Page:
In the early 20th century, when Roald Amundsen became the first man to conquer the South Pole, the newly independent Norway became known throughout the world. Small and proud of its Viking past, created between ice and sea, the Antarctic challenge was the ideal challenge for a Norwegian.
This long relationship of man and water is splendidly preserved in the fantastic triad of museums on the Bygdoy peninsula in Oslo with the Vikings Museum of the Vikings, the Kon-Tiki Museum – which tells the exploits of Thor Heyerdhal and the Fram Museum, with the ship that took Amundsen to Antarctica. The sea has also shaped the tender local cuisine – filled with fish such as precious crustaceans, salmon and the famous cod, and the dramatic sea arms that make the country famous. To explore the beautiful fjords of Sogn and Hardanger, the ideal base is the rainy Bergen, protected by high mountains and a large maze of islands. Among its parks, theaters and restaurants, the city houses a heritage of humanity, Bryggen, a series of colorful wooden houses by the harbor.
Back in the capital, amid Munk’s torments and sculptural acrobatics in Vingeland Park, discover the lively nightlife with its crowded bars and colorful drinks. Not far from the city, know Nordic skiing. Instead of its alpine cousin, always downhill, here the modality divides sometimes in an agonizing rise and descends sometimes in the insane jumps of ramp.
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How to get
You may not have direct flight from your country to Norway. The easiest way to get there is through airlines that offer connections at airports like Frankfurt, London, Rome and Madrid. From these cities depart flights to Bergen and Oslo, the main gateways to the country. Alternatively, ferries leave from Sweden and Denmark.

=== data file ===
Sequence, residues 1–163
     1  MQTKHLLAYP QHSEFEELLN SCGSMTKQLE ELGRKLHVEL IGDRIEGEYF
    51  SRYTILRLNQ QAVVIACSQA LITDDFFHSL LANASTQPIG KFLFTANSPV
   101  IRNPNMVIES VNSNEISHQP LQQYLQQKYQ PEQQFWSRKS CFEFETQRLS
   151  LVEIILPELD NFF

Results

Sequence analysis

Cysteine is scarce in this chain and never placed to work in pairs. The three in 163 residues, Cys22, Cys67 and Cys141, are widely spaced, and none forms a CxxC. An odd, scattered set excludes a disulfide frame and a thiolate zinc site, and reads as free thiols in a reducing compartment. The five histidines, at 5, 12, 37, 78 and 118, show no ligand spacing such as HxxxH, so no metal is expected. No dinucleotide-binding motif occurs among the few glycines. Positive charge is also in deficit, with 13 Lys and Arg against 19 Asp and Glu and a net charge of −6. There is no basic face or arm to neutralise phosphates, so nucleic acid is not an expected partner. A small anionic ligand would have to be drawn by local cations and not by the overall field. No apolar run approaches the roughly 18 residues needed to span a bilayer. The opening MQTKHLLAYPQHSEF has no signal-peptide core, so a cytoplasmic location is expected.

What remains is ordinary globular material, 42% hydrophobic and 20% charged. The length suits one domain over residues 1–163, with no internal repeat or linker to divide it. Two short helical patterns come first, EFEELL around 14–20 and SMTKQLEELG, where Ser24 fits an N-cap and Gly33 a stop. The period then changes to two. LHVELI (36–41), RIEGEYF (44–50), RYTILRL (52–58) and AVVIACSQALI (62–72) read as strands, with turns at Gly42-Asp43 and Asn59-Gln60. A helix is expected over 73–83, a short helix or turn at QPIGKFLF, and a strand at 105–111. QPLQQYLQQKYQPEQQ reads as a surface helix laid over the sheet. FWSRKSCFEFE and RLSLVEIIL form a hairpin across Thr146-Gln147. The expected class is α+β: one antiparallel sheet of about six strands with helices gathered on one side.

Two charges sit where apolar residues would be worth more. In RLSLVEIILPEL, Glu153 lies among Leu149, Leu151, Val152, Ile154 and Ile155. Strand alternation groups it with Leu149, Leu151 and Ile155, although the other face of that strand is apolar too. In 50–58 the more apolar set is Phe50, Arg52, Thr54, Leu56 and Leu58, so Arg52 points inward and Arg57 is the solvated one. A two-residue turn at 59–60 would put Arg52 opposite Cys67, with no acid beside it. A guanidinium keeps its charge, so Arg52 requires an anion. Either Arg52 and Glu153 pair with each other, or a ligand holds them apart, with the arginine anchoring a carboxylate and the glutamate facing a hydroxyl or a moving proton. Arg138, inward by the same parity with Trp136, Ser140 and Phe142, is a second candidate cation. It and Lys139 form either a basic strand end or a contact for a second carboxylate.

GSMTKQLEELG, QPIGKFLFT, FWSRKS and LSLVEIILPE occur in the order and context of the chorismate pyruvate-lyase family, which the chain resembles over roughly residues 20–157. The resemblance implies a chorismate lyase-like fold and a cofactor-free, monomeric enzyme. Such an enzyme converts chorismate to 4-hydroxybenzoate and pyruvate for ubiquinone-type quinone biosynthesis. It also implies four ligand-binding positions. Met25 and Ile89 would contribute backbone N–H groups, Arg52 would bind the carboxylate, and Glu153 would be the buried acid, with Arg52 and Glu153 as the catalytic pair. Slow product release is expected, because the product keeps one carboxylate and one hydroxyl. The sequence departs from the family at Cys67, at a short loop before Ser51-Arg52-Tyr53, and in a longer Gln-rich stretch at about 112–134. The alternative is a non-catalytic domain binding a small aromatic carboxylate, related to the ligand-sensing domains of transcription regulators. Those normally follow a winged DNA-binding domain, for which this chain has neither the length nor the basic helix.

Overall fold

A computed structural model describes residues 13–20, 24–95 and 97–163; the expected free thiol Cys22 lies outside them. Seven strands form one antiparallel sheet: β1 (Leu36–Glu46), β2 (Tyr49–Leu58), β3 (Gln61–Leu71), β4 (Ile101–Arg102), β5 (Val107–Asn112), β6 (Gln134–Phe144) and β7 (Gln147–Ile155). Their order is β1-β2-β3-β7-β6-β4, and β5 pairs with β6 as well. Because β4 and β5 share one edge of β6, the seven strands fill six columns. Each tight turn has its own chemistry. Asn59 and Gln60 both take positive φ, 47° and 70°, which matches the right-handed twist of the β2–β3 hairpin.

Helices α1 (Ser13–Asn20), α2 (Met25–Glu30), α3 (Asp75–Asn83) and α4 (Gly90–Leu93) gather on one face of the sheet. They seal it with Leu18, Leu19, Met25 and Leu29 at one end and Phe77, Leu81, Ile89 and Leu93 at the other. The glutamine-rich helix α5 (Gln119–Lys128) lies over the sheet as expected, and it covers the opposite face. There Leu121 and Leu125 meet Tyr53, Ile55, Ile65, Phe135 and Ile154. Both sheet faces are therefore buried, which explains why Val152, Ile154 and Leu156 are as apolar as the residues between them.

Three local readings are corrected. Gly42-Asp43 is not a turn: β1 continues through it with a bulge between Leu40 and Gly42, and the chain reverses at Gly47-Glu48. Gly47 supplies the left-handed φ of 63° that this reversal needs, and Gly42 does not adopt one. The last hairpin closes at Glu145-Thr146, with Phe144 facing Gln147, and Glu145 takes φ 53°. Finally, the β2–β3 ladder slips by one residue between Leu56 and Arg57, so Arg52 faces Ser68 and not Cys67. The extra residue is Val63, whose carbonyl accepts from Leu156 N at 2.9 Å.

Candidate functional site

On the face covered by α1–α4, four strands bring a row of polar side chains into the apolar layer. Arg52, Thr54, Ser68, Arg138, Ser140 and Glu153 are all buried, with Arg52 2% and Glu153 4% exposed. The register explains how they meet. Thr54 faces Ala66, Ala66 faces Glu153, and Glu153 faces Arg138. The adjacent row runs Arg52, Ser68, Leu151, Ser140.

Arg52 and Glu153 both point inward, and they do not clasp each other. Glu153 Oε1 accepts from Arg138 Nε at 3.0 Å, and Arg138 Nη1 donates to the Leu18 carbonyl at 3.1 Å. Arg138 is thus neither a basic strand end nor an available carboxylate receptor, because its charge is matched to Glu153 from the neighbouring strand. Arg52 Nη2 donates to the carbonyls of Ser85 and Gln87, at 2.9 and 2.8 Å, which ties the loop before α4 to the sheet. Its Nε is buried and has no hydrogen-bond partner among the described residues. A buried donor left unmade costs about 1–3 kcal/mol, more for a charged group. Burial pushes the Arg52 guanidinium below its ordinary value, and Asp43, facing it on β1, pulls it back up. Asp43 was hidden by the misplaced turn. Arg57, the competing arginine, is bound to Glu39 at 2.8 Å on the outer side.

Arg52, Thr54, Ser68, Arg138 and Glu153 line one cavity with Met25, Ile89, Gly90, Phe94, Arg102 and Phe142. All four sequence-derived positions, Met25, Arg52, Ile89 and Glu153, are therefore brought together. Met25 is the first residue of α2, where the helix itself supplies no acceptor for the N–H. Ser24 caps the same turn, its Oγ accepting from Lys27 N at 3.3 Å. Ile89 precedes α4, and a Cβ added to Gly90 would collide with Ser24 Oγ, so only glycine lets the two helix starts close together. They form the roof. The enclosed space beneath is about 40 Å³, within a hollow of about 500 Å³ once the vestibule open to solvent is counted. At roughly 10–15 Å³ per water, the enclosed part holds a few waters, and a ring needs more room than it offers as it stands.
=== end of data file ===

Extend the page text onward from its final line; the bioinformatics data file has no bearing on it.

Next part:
The main port of the country, Gardermoen (OSL), is close to the capital Oslo. It is the largest air hub in the country, with flights to several European capitals. The most captioned companies in Norway are SAS and Norwegian. Alternatively, there is the Sandefjord (TRF), used by Ryan Air, and more distant destinations such as Trondheim and Bergen, both with services to the north of the continent, Iceland and the United Kingdom.
How to circulate
Traveling by car in Norway is one of the coolest ways to get to the most difficult places in the country, but it’s very expensive. In addition, winding roads and adverse weather conditions between December and May can make the life of the driver-tourist difficult. Then opt for closed tours that combine the use of boats, trains and buses to get to know the most charming corners of the country, between Bergen on the coast and the capital.